*Bryopsis plumosa Photo Courtesy of SaltCorner.com
Ok, so who hasn’t had some form of hair algae in their tanks? It’s a thin, fluffy and stringy algae that will grow fast, block out light to corals, and will become one of the most frustrating plants that you will ever have to deal with.
There are many different types and species of algae that get swept under the umbrella term “hair” algae. There’s Derbesia sp., Bryopsis sp., and Enteromorpha sp., to name just a few. By analyzing photographs and samples taken from people’s tanks, I notice most people the most problems with either Bryopsis or Derbesia.
*Derbesia marina Photo Courtesy of SaltCorner.com
The reason that hair algae is so difficult to control is that it grows unbelievably fast, can pop up anywhere in the tank, very few organisms will eat it, and typical nutrient control can barely keep it at bay. But there are methods of removal.
While typical nutrient reduction like water changes and protein skimmers won’t keep hair algae from popping up by themselves, a combination of methods can. If you combine aggressive water changes and protein skimming (frequently clean inside and out by the way) with the use of a phosphate absorber, carbon, and some other product like ZEOvit or Prodibio for further nutrient reduction, then the hair algae can be eliminated, or at least slowed down.
*Photo Courtesy of Aquarium Specialty
ZEOvit is a spectacular set of products that will reduce your nutrients to “ultra-low” status by utilizing bacteria for the filtration. Prodibio, sugar dosng, and vodka dosing all do similar things in that they help reduce nutrients via bacteria.
*Photo Courtesy of Aquarium Specialty
Most fish and invertebrates won’t really touch hair algea, but there are some that will. My personal fish of choice is the rabbitfish or the foxface. They are unbelievable algae hogs and will mow down most, if not all types of algae. I’ve seen them eat hair algae, bubble algae, and pretty much all algae that I had in my personal tanks. But sometimes they nip at zoanthids, so let’s look at other choices. Other tangs have been known to eat hair algae, but none are as consistent as the rabbitfish.
*Photo provided by the author
Some snails will eat hair algae. The jumbo Mexican turbo snails are voracious algae eaters. I have seen them eat a lot of different types of algae, especially hair algae. However, these snails get huge and will knock over coral frags, dislodge rocks, and can even cause rock slides if the foundation is too loose.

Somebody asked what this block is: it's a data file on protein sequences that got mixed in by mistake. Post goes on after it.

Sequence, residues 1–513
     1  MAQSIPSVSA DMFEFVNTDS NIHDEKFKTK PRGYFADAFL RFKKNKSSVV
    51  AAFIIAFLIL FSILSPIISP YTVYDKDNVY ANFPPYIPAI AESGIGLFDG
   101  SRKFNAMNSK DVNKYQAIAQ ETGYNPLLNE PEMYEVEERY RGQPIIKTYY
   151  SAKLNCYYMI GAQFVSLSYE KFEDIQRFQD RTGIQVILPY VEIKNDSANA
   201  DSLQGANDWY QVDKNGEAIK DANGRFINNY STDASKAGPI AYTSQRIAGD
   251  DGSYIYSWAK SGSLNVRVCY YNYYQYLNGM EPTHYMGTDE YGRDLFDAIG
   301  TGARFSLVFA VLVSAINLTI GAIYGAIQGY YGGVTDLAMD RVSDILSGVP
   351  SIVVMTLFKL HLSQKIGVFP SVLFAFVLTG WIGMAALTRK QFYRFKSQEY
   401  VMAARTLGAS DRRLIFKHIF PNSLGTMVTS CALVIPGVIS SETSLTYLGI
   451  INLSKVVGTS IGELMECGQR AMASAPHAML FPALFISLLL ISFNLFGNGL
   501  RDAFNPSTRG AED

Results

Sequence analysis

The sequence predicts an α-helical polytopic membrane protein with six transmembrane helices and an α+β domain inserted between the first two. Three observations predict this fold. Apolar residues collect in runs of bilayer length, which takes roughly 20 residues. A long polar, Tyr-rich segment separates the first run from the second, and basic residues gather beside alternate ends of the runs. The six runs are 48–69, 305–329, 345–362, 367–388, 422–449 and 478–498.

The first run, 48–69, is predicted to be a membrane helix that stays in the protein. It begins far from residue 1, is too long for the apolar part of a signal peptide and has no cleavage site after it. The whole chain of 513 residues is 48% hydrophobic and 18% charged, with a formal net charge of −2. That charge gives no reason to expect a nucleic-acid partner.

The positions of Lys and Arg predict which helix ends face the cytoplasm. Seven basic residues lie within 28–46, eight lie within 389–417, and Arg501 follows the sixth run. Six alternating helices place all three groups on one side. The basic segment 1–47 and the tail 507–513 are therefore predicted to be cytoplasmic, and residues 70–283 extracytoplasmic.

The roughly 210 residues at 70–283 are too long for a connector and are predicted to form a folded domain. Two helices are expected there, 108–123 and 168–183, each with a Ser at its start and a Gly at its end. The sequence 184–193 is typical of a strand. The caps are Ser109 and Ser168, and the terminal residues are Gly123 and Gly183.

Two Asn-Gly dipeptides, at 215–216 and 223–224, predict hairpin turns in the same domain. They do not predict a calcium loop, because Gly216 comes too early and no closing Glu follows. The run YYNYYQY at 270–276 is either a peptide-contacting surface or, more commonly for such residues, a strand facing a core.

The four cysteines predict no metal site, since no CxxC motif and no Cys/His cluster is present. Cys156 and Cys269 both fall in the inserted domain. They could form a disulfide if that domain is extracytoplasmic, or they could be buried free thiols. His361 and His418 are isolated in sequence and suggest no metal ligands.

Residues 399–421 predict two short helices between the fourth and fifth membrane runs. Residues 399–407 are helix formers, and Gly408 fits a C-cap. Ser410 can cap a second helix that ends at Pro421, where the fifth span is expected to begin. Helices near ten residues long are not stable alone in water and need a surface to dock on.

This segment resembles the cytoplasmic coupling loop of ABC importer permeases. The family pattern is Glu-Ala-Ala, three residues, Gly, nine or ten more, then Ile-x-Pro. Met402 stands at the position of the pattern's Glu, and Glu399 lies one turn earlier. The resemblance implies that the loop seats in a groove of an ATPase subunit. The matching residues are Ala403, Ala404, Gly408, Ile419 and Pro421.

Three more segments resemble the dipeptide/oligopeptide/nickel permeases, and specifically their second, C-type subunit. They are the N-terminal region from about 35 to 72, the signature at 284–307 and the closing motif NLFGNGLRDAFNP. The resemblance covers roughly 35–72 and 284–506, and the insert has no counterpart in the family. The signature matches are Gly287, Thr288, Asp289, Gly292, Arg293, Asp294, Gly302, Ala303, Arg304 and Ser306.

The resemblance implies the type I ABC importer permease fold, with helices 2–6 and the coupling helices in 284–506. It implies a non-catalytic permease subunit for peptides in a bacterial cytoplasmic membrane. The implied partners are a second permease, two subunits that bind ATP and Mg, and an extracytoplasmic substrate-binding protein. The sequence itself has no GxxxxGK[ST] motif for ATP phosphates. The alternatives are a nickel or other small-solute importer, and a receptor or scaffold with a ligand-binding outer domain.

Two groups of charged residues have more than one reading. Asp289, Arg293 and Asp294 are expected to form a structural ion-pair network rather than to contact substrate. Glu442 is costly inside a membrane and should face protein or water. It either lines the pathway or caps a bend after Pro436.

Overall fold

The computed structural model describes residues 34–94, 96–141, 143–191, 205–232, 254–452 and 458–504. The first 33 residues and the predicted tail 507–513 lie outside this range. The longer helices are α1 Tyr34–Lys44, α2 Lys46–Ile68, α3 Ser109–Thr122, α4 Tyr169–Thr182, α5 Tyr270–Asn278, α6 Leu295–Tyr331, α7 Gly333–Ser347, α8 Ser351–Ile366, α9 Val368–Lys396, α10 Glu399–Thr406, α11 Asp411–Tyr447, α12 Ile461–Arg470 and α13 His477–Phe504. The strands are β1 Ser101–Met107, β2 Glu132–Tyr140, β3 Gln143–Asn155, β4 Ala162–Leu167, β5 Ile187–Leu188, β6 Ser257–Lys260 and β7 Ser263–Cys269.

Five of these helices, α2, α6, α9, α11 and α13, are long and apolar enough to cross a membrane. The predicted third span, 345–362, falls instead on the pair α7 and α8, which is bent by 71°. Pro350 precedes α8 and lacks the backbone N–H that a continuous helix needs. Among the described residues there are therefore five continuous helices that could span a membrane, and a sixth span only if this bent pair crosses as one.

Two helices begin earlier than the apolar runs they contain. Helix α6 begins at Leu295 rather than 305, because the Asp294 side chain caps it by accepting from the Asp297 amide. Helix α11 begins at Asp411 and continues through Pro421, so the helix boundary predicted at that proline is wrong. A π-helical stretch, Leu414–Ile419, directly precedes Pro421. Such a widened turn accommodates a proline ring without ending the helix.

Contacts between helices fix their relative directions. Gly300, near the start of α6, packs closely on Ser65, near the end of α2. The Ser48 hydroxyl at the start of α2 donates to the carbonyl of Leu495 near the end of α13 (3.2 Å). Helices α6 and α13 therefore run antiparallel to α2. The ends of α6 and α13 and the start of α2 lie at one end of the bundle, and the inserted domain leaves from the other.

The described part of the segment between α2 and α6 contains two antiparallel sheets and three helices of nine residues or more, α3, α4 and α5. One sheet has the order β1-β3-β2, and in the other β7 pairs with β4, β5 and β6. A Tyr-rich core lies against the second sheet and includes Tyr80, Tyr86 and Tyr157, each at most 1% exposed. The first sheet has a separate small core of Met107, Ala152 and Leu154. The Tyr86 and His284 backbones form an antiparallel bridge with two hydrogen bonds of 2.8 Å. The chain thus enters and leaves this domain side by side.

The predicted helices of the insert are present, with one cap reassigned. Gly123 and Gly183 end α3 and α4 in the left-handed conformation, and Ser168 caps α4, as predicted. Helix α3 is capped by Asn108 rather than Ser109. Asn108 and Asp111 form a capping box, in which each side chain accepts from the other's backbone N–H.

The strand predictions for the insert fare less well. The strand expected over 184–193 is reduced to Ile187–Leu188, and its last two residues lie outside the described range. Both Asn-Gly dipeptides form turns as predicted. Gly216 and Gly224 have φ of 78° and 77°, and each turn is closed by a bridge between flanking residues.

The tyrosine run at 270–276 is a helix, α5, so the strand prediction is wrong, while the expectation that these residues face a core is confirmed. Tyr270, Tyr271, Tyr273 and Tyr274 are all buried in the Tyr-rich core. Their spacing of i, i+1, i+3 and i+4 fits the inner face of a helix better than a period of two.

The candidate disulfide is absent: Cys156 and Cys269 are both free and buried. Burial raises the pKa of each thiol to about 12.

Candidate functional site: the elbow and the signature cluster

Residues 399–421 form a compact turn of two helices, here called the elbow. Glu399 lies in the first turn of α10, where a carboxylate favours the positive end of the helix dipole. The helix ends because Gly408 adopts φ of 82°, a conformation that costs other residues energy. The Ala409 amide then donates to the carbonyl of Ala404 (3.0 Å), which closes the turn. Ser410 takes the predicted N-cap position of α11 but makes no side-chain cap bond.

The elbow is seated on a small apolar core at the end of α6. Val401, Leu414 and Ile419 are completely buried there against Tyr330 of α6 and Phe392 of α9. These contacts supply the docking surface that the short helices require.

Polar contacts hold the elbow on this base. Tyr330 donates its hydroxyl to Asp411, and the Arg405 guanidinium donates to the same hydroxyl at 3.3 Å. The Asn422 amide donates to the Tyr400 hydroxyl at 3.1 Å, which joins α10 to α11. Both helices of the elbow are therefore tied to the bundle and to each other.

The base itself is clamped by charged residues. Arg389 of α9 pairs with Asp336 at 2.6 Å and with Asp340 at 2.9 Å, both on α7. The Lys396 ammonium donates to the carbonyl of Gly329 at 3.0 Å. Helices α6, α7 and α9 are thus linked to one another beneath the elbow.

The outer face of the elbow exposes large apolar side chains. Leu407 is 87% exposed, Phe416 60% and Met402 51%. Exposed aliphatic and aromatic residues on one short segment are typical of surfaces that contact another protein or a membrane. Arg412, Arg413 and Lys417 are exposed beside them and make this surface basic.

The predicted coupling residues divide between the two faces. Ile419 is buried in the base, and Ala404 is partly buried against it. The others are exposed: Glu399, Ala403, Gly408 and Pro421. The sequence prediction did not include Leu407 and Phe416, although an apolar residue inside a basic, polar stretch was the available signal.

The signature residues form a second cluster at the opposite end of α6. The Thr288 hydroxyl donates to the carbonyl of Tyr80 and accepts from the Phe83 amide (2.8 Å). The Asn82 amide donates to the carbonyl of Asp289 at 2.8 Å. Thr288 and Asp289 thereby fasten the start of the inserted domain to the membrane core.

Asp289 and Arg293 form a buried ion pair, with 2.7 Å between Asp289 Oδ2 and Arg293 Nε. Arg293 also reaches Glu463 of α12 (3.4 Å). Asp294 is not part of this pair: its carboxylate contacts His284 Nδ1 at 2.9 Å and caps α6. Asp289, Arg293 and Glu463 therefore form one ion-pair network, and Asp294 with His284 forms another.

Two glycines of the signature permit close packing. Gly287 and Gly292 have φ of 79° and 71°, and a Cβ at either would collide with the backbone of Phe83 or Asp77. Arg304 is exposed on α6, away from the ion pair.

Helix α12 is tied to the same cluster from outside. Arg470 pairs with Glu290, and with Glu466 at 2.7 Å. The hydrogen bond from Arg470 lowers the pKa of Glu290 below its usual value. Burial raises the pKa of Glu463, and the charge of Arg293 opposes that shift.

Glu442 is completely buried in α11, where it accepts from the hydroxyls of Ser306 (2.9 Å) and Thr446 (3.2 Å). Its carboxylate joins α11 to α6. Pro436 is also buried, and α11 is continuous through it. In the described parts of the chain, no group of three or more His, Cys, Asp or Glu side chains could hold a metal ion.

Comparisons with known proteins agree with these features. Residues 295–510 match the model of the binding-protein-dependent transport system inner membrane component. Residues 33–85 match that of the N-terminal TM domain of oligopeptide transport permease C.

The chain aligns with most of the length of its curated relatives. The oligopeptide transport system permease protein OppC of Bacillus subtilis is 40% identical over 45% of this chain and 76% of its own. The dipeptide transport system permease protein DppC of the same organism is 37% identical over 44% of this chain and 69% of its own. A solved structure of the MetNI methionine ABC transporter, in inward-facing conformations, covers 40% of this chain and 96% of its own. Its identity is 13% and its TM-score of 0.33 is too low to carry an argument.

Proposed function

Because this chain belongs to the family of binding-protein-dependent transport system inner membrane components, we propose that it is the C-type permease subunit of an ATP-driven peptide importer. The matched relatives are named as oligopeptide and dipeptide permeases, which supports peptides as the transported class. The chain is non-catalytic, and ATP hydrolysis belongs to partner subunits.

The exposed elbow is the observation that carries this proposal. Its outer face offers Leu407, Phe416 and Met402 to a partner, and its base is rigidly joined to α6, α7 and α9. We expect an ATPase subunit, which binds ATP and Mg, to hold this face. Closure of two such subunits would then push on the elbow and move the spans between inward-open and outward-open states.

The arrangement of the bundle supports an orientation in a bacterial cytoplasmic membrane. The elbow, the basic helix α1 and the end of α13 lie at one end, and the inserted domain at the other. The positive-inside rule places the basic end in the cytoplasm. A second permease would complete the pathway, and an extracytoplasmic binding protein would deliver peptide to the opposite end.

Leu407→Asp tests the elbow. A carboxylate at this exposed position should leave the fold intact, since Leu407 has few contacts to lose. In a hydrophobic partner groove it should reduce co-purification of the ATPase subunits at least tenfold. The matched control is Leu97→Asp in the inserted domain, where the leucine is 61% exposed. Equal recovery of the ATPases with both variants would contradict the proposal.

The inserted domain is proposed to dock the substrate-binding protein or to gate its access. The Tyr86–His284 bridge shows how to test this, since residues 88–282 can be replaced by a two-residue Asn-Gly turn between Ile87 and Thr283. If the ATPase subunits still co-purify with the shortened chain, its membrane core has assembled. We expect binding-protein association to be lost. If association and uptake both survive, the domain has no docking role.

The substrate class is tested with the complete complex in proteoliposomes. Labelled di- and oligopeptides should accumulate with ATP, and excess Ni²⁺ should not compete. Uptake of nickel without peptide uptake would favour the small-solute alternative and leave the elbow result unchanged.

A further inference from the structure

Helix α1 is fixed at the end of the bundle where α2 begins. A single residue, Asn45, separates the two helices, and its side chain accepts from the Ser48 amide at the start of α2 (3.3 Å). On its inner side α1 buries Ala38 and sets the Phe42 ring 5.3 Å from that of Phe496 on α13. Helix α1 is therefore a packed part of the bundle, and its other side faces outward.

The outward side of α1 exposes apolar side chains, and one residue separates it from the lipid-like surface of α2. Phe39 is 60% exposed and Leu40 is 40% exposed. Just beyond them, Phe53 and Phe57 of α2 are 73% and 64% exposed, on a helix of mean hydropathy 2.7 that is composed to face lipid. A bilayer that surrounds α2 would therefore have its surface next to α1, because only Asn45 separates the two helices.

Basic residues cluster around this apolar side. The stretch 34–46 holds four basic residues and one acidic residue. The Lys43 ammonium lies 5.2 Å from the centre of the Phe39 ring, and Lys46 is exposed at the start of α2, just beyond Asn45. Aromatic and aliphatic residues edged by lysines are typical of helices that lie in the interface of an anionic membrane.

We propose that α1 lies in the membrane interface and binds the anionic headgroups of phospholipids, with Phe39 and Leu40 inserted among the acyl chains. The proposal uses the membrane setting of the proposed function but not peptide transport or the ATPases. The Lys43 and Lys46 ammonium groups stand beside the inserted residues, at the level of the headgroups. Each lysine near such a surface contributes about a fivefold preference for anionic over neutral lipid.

Sea hares are another invert that will mow down hair algae. They are essentially large, shell-less snails that do nothing but eat. Hair algae is one of their favorites, but I’ve seen some pass it right up. Not to mention, sea hares are very sensitive and do not ship well. Lettuce nudibranchs are also known to eat hair algae, but they stay smaller and are just as sensitive as sea hares.
Believe it or not, high magnesium levels are probably the most surefire way to rid yourself of hair algae. A normal reef tank has magnesium usually around 1250-1350 mg/L. If you have hair algae though, you can increase it to 1600 mg/L or more and the hair algae will whither and die. The livestock of the aquarium should remain unaffected, but keep an eye on calcium and alkalinity as they all balance each other out.
So, to rid yourself of hair algae, the best thing to do is reduce your nutrients (nitrates and phosphates), add more inverts to your cleanup crew, get a rabbitfish or a type of tang, increase your magnesium, and manually remove excess algae. It’s a lot of work, but it will certainly pay off. That stuff will get way out of hand if you don’t do something about it.
Aquarium Specialty – ZEOvit
Aquarium Specialty – Prodibio
Live Aquaria – Sea Hare
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